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M.E. KERR  (A.K.A. MARY JAMES & VIN PACKER)

BIOGRAPHY I BOOKS I PRESENTATIONS I BOOK ORDERING

M. E. Kerr is one of the pen names used by Marijane Meaker, born May 27, 1927 in Auburn, NY to Ida T. and Ellis R. Meaker.  Other pen names include Ann Aldrich, Mary James, M. J. Meaker and Vin Packer. Raised in Auburn, Kerr was sent to Stuart Hall in 1943, a Virginia boarding school.  Later, she went to Vermont Junior College (1945), then the University of Missouri (1946-49), where she majored in English literature.  She then moved to New York where she roomed with some college friends. It was during this time she got her lucky break and sold her first writing piece.  After establishing her career as a writer, under various pen names, she was motivated and encouraged by her friend Louise Fitzhugh to embark on her career as M. E. Kerr.  She was also inspired to write young adult literature after reading Paul Zindel's The Pigman. Her first book as M. E. Kerr, Dinky Hocker Shoots Smack! was published in 1972.

After many years of living in New York City, M. E. Kerr decided to move to East Hampton, NY, where she presently resides and teaches writing classes at the Ashawagh Hall Writers' Workshop.  Her instructional book, Blood on the Forehead: What I Know About Writing (1998), arose in part from these experiences as a writing instructor. Notably, in 1993, M. E. Kerr received a lifetime achievement award in the form of the Margaret A. Edwards Award from the Young Adult Library Services Association of the American Library Association. In 1990, M. E. Kerr wrote under the pen name of Mary James the first in a series of books geared at a slightly younger audience.  It wasn't until 1994, after her third book in the series, that she let her readers know on the cover she was also known as M. E. Kerr. These books, Shoebag, The Shuteyes, Frankenlouse and Shoebag Returns, have earned her an even bigger fan base.

As M. E. Kerr, she has written numerous works of fiction for adolescents.  Her young adult works are much acclaimed for their style, honesty and wit.  In her writing, she draws from memories of her youth, combining them with her active imagination and impressive research skills developed from her experiences in journalism.  These memories include her antics growing up in upstate New York - life with her parents and two brothers, her escapades with her friends - platonic and romantic, experiences at boarding school and being part of a sorority. She also finds inspiration in her experiences, observations and interactions as an adult. For example, Seaside, NY, the fictional setting for several of her books, is actually a community based on her own in East Hampton, NY.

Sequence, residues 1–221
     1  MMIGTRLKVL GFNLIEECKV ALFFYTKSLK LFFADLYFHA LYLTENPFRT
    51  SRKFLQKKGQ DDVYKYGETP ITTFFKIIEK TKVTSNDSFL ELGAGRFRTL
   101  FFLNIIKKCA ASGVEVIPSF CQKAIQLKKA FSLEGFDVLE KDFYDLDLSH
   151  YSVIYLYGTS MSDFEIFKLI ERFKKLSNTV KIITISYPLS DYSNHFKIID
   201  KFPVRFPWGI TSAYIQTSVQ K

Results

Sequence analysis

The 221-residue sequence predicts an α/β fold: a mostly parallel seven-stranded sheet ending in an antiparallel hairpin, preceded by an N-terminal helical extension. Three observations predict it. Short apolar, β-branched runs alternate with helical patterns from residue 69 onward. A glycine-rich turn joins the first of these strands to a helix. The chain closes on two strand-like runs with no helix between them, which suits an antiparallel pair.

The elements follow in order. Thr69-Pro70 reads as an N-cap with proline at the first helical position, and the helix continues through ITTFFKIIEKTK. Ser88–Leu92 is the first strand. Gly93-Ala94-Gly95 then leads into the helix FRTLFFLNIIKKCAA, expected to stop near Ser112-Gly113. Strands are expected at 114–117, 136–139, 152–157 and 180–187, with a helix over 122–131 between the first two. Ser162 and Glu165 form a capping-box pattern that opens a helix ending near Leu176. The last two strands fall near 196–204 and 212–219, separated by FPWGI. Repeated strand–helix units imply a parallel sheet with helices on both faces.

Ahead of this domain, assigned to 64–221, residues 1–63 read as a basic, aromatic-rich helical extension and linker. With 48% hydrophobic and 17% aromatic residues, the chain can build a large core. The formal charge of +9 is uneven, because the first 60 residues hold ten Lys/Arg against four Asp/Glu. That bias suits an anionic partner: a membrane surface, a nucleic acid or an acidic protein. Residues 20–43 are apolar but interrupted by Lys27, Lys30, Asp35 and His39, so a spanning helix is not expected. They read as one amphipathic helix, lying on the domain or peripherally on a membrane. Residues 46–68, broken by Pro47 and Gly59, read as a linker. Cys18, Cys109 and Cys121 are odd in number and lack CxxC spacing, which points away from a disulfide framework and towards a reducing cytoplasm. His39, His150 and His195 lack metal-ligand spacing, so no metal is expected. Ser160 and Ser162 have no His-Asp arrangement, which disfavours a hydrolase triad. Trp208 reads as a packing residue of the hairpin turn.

The primary issues Kerr deals with in her books are the development and functions of the relationships between her characters.  The relationships that arise are familial, student-teacher, peer/friend and of course, romantic;  she often writes of first loves in general.  The themes that arise in her books are serious ones, though not without comic and entertaining aspects.  Kerr enjoys injecting humor into her writing - an element that is not lost on her audience, younger and older.  At the same time, her fresh perspective is mingled with recurring themes and personalities throughout her body of work, resulting in a sense of continuity and familiarity for her readers. Tolerance, prejudices, denial and acceptance of different kinds of people with different backgrounds, beliefs, lifestyles and socio-economic statuses are topics apparent in all of her books. Class issues and classism are common underlying themes as Kerr often contrasts blue collar, middle class and upper class teens and families as well as the attitudes members of each class have about others.

Sexuality and sexual orientation are topics touched upon and explored in varying degrees of detail though never explicitly. Kerr has a way with words that is neither embarrassing nor patronizing when it comes to the subject of hormonal urges and desires. Her much-acclaimed Deliver Us From Evie directly raises many different areas and questions about sexual orientation. Evie's family is half in denial that she's in a meaningful romantic relationship with another young woman. The young man who fancies her thinks it's just a passing stage. Her mother looks for causes and sources to blame for Evie's preferences. For readers, themes of prejudice and tolerance will call out to them. And for gay and lesbian teens, situations and characters in some of Kerr's works might ring true with their own experiences. In 2007, she was among the recipients of the Alice B. Medal awards for outstanding writers of lesbian fiction.

In sum, M. E. Kerr keeps her readers on their toes with the introduction of thought-provoking issues and captivating characters and on the edge of their seats with anticipation for what she's going to come up with next.